ELK WATCHING IN THE FALL
With a population of about 2,400 elk living in the Estes Park area, it’s no wonder why these massive animals are a major attraction for visitors to Rocky Mountain National Park and Estes Park. Fall is an especially popular time to enjoy viewing elk and listen to the bulls bugle.
To some, the mating period, known as “the rut,” is as synonymous with autumn in the mountains as is the changing color of aspen leaves. It’s a season marked by the sounds of the elk, as well as the sights. Beginning in mid September and continuing through October, the mating call is known as bugling – a bellow that escalates to a squealing whistle that ends with a grunt. That’s how the bull advertises his fitness to cows, and warning to other bulls to stay away.
It’s also a time when the bulls become aggressive as they become more and more protective of their herds. Visitors are reminded to keep their distance. If you cause the animal to move, you are too close.
During the rut, a dominant bull gathers cows in a harem, to which he claims all breeding rights, a right usually not relinquished without a fight. Gathering a herd of cows is sometimes made easier by fighting another harem bull and taking away all his cows.
The gathering of a harem is not the end of a bull’s herding effort. He must constantly work to keep his cows together, commonly moving their cows by threat and a push or shove. A bull will cut off a wandering cow just as a cowboy on horseback cuts off a steer by quickly quartering around the straying animal and bringing it back to the herd. However, it should be recognized that a cow stays in the harm by her own volition. If she chooses, she bolts from the herd and associates with another bull.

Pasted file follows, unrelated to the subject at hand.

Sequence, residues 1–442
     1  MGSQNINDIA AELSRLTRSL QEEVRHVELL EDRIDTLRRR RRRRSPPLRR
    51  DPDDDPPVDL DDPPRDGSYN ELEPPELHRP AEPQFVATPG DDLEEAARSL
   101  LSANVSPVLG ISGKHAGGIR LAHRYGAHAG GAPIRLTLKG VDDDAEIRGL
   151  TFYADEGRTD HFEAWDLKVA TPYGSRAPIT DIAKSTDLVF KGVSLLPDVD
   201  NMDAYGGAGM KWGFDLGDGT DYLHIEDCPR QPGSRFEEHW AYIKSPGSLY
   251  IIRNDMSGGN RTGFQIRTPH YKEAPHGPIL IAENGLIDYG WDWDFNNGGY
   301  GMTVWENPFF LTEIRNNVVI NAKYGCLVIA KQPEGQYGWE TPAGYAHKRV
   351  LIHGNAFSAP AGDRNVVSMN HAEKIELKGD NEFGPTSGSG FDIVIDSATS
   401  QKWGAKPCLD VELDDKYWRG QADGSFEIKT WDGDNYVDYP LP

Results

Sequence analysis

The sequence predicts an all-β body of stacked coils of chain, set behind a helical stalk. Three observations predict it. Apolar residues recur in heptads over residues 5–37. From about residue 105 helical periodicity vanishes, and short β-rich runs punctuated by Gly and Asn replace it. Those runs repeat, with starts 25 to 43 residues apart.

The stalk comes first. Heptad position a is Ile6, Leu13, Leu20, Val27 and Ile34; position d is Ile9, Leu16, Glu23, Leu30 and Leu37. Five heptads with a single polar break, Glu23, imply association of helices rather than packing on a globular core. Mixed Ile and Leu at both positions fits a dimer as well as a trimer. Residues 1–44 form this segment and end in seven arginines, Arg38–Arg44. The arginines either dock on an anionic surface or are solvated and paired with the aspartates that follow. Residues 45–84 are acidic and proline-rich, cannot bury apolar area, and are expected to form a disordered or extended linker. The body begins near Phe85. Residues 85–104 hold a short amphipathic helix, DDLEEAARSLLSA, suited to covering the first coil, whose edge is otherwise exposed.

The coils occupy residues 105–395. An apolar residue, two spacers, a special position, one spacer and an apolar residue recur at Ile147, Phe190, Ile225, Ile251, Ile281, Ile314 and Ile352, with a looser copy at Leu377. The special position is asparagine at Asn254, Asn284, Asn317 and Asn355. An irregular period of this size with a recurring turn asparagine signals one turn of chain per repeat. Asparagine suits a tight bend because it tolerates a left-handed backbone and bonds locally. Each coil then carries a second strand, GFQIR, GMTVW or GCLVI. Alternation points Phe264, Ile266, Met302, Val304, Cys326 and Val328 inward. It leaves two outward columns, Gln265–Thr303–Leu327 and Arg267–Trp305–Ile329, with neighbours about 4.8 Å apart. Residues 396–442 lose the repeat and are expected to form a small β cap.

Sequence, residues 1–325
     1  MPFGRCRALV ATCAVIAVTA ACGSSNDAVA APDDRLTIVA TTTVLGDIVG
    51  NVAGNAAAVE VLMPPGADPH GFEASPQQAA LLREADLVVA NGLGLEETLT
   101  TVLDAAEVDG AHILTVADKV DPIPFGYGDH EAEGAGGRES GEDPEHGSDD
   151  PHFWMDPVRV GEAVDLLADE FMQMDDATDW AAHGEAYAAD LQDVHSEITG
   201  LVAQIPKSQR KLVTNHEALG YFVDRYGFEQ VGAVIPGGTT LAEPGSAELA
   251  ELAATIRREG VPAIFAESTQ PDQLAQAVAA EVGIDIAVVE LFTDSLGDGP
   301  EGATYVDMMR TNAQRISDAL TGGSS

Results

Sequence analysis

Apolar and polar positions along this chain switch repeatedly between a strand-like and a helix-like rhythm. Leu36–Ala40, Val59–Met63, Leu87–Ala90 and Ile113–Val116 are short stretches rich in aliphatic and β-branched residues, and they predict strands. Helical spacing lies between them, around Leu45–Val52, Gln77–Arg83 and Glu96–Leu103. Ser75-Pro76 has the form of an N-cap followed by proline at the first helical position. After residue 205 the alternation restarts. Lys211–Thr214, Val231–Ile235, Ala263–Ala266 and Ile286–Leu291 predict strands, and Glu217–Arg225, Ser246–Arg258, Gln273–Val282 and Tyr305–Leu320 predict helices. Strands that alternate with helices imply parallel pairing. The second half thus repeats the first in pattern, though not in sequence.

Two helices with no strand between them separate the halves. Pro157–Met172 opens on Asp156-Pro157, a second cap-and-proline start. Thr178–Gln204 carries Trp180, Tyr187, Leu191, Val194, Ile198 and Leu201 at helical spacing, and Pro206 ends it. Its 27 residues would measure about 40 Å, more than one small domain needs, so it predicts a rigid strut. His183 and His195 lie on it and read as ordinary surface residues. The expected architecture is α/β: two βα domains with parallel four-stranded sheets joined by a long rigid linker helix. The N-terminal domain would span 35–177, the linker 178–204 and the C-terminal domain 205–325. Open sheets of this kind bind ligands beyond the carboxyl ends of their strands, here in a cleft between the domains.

The biggest bulls are animals in prime physical condition and may be six to eight years old. Younger bulls may try to butt in – they are physically able to breed by their second summer – but they seldom get a chance to mate.
When the rut begins, bulls begin to bugle. The sounds they make are among the more haunting and beautiful in nature, as memorable as the howls of wolves and calls of loons. A cow listens to the bugle for clues about the bull’s size. A bugle, like a human voice, varies with the individual, but the older, larger bulls usually bugle more loudly than their young rivals. Their bugles advertise their presence and fitness to both females and other males. They also bugle to announce or accept a challenge from another male.
The rut takes considerable energy. During the summer, bulls spend their time feeding in preparation for the energy needs of the rut and winter. Summer feeding is especially important since bulls eat little during the rut which lasts four to six weeks. A mature bull may lose 20 percent of his body weight during the rut. After the rut, a bull, even if he eats to replenish his energy reserves, may be so depleted he cannot survive the upcoming winter.